Well Kevin, you lucked out my friend (some benefit of being Irish I presume). The clouds were just moving on when I woke up at 3 a.m. Transparency wasn't great with some very light high clouds for part of the imaging session, but that was after I got some rock solid collimation. Fog clouds literally moved in at the very end of my last imaging sequence. The fog clouds are really rare here. I count myself extremely blessed that I was able to get the imaging in. If this was like most scenarios, I would have everything set up with collimation and focus, and fog would have rolled in on my first imaging run.
So to you Kevin, you can now rest in peace! I of course don't mean 'rest in peace' as in death, but hey, you know what I mean. In any case, may God bless you with 10 times the clear imaging I just received. I will now like your comment again.
Seeing was one of the better times too. The Poisson Point was continuously visible, but it did move around quite a bit. So perhaps a Pickering of 5.
Maybe you get less haze due to the altitude out/up there in Colorado, but even when everything else looks REALLY promising forecast-wise, it's often the transparency which does me in.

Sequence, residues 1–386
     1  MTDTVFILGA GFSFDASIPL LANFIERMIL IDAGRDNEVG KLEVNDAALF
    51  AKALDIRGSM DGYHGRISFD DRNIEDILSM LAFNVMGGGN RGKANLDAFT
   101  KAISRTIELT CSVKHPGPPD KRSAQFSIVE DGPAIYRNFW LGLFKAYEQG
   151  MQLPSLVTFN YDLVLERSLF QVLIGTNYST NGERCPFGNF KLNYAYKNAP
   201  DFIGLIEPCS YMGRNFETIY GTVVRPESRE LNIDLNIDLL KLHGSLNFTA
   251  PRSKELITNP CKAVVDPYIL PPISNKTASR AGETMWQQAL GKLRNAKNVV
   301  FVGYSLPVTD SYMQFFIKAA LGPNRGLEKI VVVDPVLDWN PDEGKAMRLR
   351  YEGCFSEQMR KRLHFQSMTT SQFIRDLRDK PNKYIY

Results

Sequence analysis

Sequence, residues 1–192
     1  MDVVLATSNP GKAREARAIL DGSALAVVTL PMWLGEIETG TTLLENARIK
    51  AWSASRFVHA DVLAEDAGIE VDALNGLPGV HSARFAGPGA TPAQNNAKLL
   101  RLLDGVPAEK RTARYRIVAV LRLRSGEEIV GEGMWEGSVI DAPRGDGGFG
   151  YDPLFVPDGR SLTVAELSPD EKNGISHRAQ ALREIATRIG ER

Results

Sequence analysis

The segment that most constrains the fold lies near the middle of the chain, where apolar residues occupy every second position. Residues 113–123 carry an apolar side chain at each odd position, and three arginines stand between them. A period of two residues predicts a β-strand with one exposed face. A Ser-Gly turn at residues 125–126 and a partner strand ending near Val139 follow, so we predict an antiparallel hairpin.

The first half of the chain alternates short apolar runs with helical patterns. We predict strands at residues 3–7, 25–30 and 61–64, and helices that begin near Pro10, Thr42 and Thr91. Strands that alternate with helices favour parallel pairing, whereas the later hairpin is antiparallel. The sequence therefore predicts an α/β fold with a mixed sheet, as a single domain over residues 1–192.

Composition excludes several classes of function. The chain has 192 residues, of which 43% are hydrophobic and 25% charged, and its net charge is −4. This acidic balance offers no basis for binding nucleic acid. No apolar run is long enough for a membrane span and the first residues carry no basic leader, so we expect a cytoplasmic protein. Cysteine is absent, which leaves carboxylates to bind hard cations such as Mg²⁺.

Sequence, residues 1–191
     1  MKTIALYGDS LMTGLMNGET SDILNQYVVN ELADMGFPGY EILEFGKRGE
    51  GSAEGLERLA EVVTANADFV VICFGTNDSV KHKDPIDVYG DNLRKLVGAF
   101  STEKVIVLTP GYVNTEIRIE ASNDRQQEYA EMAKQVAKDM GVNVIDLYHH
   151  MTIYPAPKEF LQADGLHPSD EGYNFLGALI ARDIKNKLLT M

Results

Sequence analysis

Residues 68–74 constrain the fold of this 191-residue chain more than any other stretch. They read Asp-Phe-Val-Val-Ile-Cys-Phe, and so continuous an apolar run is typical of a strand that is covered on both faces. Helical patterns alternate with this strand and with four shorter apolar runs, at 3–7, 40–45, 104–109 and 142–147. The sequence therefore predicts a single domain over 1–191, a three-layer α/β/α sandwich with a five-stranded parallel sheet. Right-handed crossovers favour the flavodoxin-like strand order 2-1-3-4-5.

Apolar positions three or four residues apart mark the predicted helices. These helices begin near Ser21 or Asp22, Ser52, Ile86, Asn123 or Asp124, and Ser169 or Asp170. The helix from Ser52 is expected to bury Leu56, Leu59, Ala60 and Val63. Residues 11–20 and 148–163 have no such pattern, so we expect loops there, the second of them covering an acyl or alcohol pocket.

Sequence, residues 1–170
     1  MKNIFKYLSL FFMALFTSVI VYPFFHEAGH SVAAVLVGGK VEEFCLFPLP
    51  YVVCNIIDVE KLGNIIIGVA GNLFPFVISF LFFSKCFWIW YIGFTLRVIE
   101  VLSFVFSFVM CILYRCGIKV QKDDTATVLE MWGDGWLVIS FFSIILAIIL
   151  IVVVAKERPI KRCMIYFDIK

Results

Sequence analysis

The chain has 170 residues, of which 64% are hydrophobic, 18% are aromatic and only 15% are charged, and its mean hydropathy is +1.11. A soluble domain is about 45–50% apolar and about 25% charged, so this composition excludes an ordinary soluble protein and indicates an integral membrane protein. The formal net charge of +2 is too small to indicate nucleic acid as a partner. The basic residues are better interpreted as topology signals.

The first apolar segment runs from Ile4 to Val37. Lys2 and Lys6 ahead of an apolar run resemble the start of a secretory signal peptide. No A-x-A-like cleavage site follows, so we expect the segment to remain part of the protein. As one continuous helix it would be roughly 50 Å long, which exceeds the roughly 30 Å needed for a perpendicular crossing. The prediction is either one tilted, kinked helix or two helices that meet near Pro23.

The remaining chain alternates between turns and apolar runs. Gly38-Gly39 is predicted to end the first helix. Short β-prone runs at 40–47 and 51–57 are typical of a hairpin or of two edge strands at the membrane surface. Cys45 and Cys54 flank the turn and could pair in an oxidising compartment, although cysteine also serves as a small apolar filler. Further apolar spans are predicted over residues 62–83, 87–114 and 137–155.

Sure hope that wasn't the case for you!
Transparency wasn't as good as normal Grant. That is a bit unusual for Colorado in the morning. Transparency is usually one of the best qualities of our atmosphere here (visibility is usually well beyond 100 miles), but seeing and thermal changes are an entirely different matter. Today both were pretty decent.
...I have now "Liked" your Post #3 aero...because although it gave me a chuckle when I first read it yesterday as a response to Kev's "overcast" comments, the fact that he was probably right has made me more sympathetic towards you & less sympathetic to Kev's own situation! (all written completely in jest, as was Kev's comments also I might add!)
Thanks for the well wishes Darryl! Things came through in the long run. I have been inspired by how tirelessly you work to get your images in challenging conditions, so I really put lots of effort into collimation, focus, and getting the right histogram.
Here is a preliminary test I did to double check the proper AP size (turns out to be 48) for my lunar imaging with the QHY-183C. I think it looks promising and should be representative of my capture of the entire moon in 5 panels.
Edited by aeroman4907, 21 August 2019 - 09:15 AM.